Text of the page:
Helping a Loved One in a Nursing Home

Since the advent of the coronavirus pandemic, advocating for your loved one in a nursing home has become more critical and complex than ever. Both residents and staff in nursing homes and other long-term care facilities are disproportionately affected by COVID-19 outbreaks. In fact, during the first year of the pandemic, the Kaiser Family Foundation …

Medicaid Gifts and Penalties

Medicaid is a federal/state program helping low-income seniors with limited income and assets afford healthcare and long-term care. Many seniors believe their only option to qualify for the program is to “spend down” their assets. While this is true in some cases, proactive Medicaid planning can protect a substantial portion of your assets if done …

Nursing Homes and Rehab Facilities: Eyes-On is Essential

A recent New York Times report reveals that government oversight of long-term care facilities is deeply troubled. Inspection of rehabilitation facilities is inadequate, and we, the public, had best not rely on reporting inspection results.  If your loved one needs more care than can be provided at home and trying to find a facility, be …

Paying for long-term care

According to findings, the US Department of Health and Human Services (HHS) cites that almost seventy percent of retirees in America will need some long-term care (LTC), with median annual costs for these services ranging from $53,768 to $105,850 in 2020, according to research from Genworth. HHS also reports that those who receive Medicaid-financed nursing …

In these times of uncertainty, estate planning is more important than ever

The truth is none of us know the future. Significant uncertainty abounds as to the outcomes of US tax legislation proposals. Estate and gift tax exemptions may get cut in half or not, and whatever happens will likely affect all deaths and transfers of wealth after December 31, 2021. Whatever the outcome, there are still ways to legally reduce your …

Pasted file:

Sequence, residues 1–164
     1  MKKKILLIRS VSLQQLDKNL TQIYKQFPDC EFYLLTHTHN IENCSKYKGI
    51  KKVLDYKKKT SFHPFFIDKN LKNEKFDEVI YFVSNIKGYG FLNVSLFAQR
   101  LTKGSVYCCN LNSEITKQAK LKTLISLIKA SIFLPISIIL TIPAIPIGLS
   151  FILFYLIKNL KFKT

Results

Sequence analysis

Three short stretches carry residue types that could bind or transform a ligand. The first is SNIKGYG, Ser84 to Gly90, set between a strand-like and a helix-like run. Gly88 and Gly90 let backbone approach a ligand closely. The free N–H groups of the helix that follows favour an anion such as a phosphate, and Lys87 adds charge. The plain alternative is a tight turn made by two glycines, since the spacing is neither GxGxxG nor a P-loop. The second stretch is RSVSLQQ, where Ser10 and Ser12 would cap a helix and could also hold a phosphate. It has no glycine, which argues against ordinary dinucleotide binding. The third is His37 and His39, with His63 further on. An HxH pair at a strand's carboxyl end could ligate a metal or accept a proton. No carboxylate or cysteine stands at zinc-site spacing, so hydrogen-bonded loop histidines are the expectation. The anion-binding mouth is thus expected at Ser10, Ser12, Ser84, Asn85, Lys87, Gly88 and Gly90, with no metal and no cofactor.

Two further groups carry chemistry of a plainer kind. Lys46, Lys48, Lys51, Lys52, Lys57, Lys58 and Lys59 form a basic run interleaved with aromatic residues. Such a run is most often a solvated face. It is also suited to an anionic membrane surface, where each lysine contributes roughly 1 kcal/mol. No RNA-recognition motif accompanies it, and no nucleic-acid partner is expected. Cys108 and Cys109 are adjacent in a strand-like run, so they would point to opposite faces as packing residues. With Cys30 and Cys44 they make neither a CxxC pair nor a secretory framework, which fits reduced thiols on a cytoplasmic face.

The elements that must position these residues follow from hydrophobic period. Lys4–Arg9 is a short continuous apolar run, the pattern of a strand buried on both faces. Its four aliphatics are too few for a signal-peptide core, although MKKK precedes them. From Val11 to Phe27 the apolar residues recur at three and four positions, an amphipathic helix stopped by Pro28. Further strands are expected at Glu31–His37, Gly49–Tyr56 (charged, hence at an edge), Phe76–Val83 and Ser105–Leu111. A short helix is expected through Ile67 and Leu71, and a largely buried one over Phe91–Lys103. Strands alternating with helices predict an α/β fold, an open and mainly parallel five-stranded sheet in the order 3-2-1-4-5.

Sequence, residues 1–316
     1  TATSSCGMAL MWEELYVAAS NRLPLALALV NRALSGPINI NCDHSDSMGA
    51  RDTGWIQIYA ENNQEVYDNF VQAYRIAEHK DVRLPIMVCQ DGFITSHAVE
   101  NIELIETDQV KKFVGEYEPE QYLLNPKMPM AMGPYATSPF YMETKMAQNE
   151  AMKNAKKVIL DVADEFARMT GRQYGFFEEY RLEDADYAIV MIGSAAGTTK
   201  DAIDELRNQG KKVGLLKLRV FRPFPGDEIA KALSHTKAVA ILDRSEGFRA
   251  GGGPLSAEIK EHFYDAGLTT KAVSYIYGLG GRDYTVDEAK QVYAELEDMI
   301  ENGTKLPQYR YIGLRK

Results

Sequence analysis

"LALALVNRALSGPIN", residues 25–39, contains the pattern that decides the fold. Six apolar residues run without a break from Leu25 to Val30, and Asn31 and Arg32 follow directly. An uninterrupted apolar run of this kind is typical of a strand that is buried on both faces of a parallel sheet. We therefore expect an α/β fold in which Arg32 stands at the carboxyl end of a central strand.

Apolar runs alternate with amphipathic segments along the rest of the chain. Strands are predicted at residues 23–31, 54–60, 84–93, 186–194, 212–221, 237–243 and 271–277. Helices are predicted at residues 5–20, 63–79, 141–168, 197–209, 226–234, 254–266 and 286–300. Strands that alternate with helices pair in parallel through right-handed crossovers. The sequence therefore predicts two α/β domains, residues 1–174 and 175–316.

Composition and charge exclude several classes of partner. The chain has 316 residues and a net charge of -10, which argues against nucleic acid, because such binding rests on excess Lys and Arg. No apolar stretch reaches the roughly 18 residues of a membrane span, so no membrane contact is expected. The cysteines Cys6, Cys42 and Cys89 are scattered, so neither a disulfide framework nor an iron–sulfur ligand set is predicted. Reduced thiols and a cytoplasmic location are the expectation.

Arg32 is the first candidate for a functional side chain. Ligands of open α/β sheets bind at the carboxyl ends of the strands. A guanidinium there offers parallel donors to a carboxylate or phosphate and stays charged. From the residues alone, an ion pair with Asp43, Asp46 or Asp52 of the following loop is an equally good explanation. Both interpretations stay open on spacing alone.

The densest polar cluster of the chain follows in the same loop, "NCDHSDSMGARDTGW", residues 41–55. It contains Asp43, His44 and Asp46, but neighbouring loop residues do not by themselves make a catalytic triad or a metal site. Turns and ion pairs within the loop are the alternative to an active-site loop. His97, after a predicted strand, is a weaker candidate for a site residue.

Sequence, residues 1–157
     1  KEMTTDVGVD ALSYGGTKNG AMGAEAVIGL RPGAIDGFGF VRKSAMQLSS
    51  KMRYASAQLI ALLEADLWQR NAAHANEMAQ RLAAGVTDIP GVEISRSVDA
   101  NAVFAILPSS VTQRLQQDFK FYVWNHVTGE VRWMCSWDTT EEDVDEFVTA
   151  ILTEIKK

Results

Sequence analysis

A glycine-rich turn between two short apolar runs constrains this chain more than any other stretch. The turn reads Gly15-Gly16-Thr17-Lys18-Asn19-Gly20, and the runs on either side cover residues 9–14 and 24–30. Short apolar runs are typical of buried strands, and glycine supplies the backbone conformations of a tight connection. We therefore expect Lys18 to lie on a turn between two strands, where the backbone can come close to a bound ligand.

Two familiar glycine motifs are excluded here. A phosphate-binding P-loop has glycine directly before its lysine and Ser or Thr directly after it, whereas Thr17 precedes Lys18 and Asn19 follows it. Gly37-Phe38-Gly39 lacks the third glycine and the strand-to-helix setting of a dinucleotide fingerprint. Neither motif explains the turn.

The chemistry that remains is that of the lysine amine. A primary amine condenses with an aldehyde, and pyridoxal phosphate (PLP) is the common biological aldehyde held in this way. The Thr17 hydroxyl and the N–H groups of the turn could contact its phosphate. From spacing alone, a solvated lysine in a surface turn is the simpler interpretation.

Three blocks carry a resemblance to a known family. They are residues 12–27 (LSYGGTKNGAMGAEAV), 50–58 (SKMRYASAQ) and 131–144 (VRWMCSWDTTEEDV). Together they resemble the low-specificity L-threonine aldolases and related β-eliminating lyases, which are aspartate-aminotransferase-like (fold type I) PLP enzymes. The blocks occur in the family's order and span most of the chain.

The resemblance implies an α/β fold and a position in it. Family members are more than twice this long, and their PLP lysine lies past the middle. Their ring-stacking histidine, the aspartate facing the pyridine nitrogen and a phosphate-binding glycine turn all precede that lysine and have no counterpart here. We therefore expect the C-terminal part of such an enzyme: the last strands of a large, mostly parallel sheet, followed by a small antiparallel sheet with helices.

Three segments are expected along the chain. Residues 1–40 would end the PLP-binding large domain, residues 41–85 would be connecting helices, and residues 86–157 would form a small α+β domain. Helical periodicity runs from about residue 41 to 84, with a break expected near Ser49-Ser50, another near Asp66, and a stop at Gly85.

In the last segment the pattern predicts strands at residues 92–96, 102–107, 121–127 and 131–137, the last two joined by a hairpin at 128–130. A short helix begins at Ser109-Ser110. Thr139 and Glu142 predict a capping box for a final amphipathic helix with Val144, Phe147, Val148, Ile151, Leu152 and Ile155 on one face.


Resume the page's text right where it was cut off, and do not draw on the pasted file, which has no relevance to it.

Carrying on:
Five ways people make mistakes in their estate plans

You spend the first half of your adult life trying to achieve financial security and the second half of your life trying to maintain it. This adage is why many people spend substantial time and effort maximizing their legacy goals in their estate plan, ensuring their wishes come to pass. Your life’s work and ability to provide for your family provide a gratifying feeling for you and your heirs. However, your careful planning can go awry when last-minute …

Don’t let a family feud turn into a legal feud

The drama, the cost, the lost time, the broken relationships – there are so many ways that family problems about end-of-life care for a parent and inheritance can have serious repercussions when these problems reach the status of a legal filing and court case. You can take steps moving beyond the possibility this might happen and create (or amend) your estate plan seeking to diffuse these potential issues before they become legal challenges.  Every situation is …

Creditors and Probate

Avoiding probate through legal techniques is a great strategy to save taxes, keep your estate from public proceedings, and avoid the need for court approval every step of the way. It can save you time, frustration, and in many cases, significant attorney and court fees. Your personal representative sometimes referred to as an executor, must formally notify all your creditors of your death. This action …

Why do you need an elder law attorney sooner than later

Whether you have an older adult loved one in your life or you have concerns about the health and financial welfare of the future, an elder law attorney can optimize your planning. Elder law is a highly specialized area of law focusing on the legal needs of older adults encompassing more significant issues like long-term health care …

The sandwich generation is growing, here is how to plan

Anyone experiencing the struggle of simultaneously caring for children and aging parents is part of the sandwich generation. Although generation is part of the phrase, it does not refer to people born at a specific time. Typically, these “sandwich” family caregivers will be in the thirty to forty-year-old age range and balancing duties to provide for their families and provide care duties …

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